Students Present at the AAFC


Cherim Kim

Students from all over New England came to the AAFC in 2016.

How do we combat stigma surrounding LGBTQI+ identities in Pan-Asian communities? With the rise of racial violence across the U.S., how can we build solidarity across racial groups? How do we bridge cross-generational divides in Pan-Asian communities?

These were some of the questions addressed at the Asian American Footsteps Conference (AAFC): “Passing the Torch,” on Sunday, April 11th, hosted virtually by Phillips Exeter Academy. The conference, held annually since 2011, provides a space for Pan-Asian students attending independent high schools in New England to discuss their identities and experiences. Over 540 students and adults from 39 schools gathered for a day of learning, connection, and community building. The day’s program included small-group sessions, three workshop periods featuring over 20 activities hosted by students, and a keynote speech by Helen Zia, a prominent Chinese-American author and activist. 

Workshops run by students and faculty from participating schools and featured adult presenters explored various aspects of Pan-Asian identities through group discussions and interactive activities. Sixteen Hotchkiss students ran workshops including “Dethroning Colorism in South Asia: A Panel Discussion with Icons from the Beauty Industry,” “Mythology and the Asian American Identity,” “Setting Stigmas Queer,” “Unlocking Memory Chambers You Did Not Know You Had,” and “Talking Social Issues at the Dinner Table: Crossing Generational Divides.”

Inspired by her personal scientific research on mental health, Yuka Masamura ’21 led a workshop with her sister, Haruka Masamura (Exeter ’21), and Isabella Yoo ’21 about body image and social pressure in Pan-Asian cultures. She said, “We brainstormed ideas around mental health, eating disorders, plastic surgery, etc., and the hardest part of the planning process was narrowing down our topic.” They chose to center the group’s discussion on the Japanese proverb, “the stake that sticks out gets hammered down.” The workshop offered a safe space for participants to share personal experiences with and change perceptions of body image in Pan-Asian communities. Yuka Masamura said, “We wanted to create a casual setting for conversations and pose discussion questions about which people felt comfortable enough to share, as mental health and body image are [quite] sensitive topics.”

James Yae ’23 attended a workshop hosted by an Asian-American comedy troupe entitled “Stir Friday Night!: Resilient Communication Through Improvisation.” He said, “The workshop taught me that improvisation is a great tool in communicating more effectively and productively. [It’s important to] show appreciation and gratitude in a conversation, whether that be about AAPI issues or simple day-to-day conversations, [because] we become more [empathetic] towards different perspectives.”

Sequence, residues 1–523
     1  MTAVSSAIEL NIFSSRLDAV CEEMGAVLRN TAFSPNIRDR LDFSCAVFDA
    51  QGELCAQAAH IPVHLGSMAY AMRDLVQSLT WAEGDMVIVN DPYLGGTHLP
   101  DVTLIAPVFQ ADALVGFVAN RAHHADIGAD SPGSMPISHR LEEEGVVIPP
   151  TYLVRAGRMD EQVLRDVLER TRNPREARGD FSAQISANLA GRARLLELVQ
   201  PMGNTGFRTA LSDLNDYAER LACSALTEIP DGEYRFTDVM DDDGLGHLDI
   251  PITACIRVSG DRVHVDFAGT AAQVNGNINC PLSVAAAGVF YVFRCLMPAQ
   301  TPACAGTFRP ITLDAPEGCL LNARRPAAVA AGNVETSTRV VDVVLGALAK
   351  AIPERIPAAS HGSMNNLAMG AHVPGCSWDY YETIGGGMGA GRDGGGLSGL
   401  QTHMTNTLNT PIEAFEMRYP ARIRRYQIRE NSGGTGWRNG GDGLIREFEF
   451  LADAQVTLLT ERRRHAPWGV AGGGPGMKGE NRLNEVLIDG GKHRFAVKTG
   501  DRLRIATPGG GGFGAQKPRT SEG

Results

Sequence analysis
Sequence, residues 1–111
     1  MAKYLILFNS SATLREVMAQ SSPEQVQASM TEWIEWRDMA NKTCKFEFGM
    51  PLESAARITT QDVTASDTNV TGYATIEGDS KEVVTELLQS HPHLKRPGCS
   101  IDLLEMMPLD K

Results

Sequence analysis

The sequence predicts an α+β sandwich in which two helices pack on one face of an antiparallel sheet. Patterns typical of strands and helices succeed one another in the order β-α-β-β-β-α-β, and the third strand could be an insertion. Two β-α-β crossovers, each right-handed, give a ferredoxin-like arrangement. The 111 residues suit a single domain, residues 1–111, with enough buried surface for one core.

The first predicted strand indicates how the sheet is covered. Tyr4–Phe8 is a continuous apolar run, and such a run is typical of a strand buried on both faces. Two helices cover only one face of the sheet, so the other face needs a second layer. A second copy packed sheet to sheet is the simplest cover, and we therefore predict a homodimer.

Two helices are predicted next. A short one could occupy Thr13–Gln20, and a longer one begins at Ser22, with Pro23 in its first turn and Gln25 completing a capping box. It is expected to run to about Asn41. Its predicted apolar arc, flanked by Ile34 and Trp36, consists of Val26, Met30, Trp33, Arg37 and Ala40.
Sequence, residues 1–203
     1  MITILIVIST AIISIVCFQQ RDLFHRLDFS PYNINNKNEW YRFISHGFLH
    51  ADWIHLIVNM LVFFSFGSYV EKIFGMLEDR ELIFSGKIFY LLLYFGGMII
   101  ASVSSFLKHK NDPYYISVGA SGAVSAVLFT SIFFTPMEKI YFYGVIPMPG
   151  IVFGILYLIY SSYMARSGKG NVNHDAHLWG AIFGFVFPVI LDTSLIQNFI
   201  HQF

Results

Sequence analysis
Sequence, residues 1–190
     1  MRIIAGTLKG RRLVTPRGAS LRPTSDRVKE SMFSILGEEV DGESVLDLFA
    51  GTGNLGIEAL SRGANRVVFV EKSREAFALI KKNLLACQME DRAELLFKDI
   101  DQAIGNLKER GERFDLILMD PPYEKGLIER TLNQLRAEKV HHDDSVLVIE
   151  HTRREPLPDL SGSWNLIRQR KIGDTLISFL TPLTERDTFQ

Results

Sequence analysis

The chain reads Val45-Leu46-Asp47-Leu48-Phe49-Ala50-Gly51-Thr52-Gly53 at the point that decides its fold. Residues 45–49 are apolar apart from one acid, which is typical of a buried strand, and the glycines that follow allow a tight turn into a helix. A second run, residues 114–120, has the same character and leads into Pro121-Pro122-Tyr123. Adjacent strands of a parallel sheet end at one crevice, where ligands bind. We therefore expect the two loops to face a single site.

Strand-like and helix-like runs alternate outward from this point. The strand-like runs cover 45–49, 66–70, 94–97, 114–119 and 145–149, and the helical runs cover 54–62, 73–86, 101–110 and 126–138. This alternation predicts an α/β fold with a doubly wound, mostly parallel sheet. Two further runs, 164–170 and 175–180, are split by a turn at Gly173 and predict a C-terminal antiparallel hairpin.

In addition to three workshops, students and adults also attended small-group community-building sessions to meet other participants. Mr. Yoo, Ms. Nora Yasumura, director of student clubs and affinity groups, and Ms. Peg Hsia, senior associate director of admissions, were the primary organizers of the school’s delegation and led the community-building session for adults. Ms. Yasumura said, “I think what makes this conference unique is that students of Asian descent can talk with [others] from a wide range of schools in New England. Students realize they’re not alone and that [others deal with similar issues]. The sessions also allowed students to meet others and begin creating a movement [in response to] the rise in anti-Asian hate.”

After the workshops and community gatherings, participants tuned in to Helen Zia’s keynote speech, followed by a Q&A panel. Zia is an author and activist. Her book, Last Boat out of Shanghai, was nominated for a PEN/Jacqueline Bograd Weld Award for biography. Zia’s keynote speech focused on activism and the “missing in history” contributions of Asian Americans. Annie Dong ’23 said, “[Zia’s] keynote speech was wonderful, as I learned a lot about Asian-American history that is often overlooked and forgotten. She made me realize that racism and fetishization of Asian women has been an issue for a long time, and it’s time to stand up for what is right.”

Ms. Yasumura applauded students’ efforts to step up to the challenge in the midst of difficult and busy times. She said, “With eight student groups presenting workshops, we have been taking the lead and showing strength in New England schools. As adults, we are volunteering our time, because we care deeply about the issues in our communities and feel energized [to create change].”

While the conference has concluded, discussions surrounding anti-Asian hate will continue on campus. On April 21, the school will welcome speaker Justine Fonte, a Pilipinx sexuality educator and consultant to kick off programming for Asian American Pacific Islander (AAPI) Heritage Month in May. 

St. Mark’s School will host next year’s Asian American Footsteps Conference.